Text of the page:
Saturday, January 28, 2006

High Demand

After receiving a fourth request to be a visiting lecturer in a class, I decided I needed to take stock of all of my pending requests, and was astonished. I'm in rather high demand! (relative, of course, to my own perceptions, shaped as they are by my almost hermit-like inclinations).

Not only are there four separate requests to visit and speak in others' classes, there was a note from one of my advisees, a phone message from his mother, several other requests to participate in several projects; a member of my department continues to leave things in my mailbox on campus to sign (I keep slipping them instead into the box of the interim Chair); a request to serve as external reviewer for another philosophy department -- and a summons to jury duty!

This morning, a bit stressed by another deadline I face (well, I missed it yesterday because I had too many meetings -- having grouped a bunch of them together to minimize my need to appear on campus more than necessary), I finally had a spell of panic. It looked like this:

"My sabbatical is flying by and I've hardly gotten anything done because of all these other demands on my time!!!"

Deep breath.

At first I almost wanted to chastise myself. After all, during the semester I tend to take on requests such as these and handle them along with teaching a full load of courses, etc. etc. etc. So, I should be able to handle all of this now, and still have plenty of time for my research!

But that (of course) didn't allay the panic.

I took another deep breath. Then I asked myself: why not just say no to everything I've not already said "yes" to? (Except the jury duty -- sigh! That one's not negotiable: "all excuses aside...," the summons says.) Why not just give myself the contemplative space I so desperately need, unapologetically? Why not simply write back to everyone and say, "Sorry, I'm on sabbatical"?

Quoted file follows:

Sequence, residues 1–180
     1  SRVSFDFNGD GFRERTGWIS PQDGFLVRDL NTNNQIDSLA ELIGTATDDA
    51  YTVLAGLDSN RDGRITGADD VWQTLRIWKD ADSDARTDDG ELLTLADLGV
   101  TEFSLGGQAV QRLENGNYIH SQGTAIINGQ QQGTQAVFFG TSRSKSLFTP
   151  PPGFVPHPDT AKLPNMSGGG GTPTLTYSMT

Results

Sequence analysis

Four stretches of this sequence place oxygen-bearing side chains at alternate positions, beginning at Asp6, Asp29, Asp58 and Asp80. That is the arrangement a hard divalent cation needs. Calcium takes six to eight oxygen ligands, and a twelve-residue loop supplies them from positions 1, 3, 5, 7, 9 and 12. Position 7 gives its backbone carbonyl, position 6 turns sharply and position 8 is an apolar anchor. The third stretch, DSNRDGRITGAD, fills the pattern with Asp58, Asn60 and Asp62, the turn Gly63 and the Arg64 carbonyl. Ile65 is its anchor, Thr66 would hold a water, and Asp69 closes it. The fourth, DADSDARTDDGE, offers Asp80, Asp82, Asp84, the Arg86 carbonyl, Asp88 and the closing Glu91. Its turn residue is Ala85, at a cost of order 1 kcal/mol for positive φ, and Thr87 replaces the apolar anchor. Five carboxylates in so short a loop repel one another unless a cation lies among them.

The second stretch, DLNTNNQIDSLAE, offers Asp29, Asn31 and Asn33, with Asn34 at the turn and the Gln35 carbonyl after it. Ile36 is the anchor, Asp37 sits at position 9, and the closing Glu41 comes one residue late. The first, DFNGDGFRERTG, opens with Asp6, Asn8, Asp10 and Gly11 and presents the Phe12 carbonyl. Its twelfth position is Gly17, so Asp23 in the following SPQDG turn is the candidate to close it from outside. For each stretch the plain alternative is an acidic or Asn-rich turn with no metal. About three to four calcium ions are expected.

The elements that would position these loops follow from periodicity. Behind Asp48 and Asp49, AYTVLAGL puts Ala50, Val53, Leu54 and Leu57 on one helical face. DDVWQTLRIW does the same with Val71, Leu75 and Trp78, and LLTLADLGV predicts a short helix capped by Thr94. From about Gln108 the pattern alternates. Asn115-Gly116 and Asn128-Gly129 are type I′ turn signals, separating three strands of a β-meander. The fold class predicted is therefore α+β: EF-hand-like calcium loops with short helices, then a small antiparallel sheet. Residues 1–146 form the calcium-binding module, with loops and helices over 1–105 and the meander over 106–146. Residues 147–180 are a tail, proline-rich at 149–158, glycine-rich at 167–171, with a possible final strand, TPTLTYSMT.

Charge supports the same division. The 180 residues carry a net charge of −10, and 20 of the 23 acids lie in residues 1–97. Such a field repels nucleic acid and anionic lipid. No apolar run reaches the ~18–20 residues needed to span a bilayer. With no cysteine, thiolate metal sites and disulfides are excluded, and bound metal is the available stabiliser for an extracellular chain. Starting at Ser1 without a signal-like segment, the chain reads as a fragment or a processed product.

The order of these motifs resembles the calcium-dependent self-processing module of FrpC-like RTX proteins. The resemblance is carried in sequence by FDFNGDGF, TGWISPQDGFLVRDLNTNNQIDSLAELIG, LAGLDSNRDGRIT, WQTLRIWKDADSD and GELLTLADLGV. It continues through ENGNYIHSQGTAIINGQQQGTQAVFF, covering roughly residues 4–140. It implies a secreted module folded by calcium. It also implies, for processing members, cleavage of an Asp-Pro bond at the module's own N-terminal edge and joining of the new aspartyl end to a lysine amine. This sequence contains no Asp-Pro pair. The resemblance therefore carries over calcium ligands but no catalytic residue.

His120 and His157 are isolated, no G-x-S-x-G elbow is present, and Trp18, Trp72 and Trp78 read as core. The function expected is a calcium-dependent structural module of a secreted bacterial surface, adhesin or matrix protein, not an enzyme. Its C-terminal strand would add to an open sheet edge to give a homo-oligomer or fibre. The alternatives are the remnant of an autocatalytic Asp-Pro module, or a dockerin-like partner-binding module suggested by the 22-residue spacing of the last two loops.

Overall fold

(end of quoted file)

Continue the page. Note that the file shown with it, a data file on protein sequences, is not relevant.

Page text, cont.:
Then I started to feel better.

I can wrap up the things I have already committed to (speaking at a conference; writing some letters of recommendation; helping write a grant proposal; helping co-write an article), and not take on anything else unless my heart leaps for joy at the thought and I have the sense that it will inspire me and lift my soul.

This is what I need!

Am I allowed to do this?

How does one discern when requests from others are calls from God -- or when it is okay to decline those requests?


  1. You are asking important questions about discernment and what is in "right order"...

    I also hear the intersection between the pulls of the secular world ("Can you give a guest lecture?") and the pull of the original commitment you made in taking sabbatical ("I am taking contemplative space for myself").

    That intersection can be, for some, a form of living in Cross--a concept which is explained in an article by Friend Patricia McBee.

    I wish you well on this part of your journey.

    Liz, The Good Raised Up

  2. Liz,

    Thank you so much for these encouraging words, and for the wonderful reference to Patricia McBee's article -- just what I need!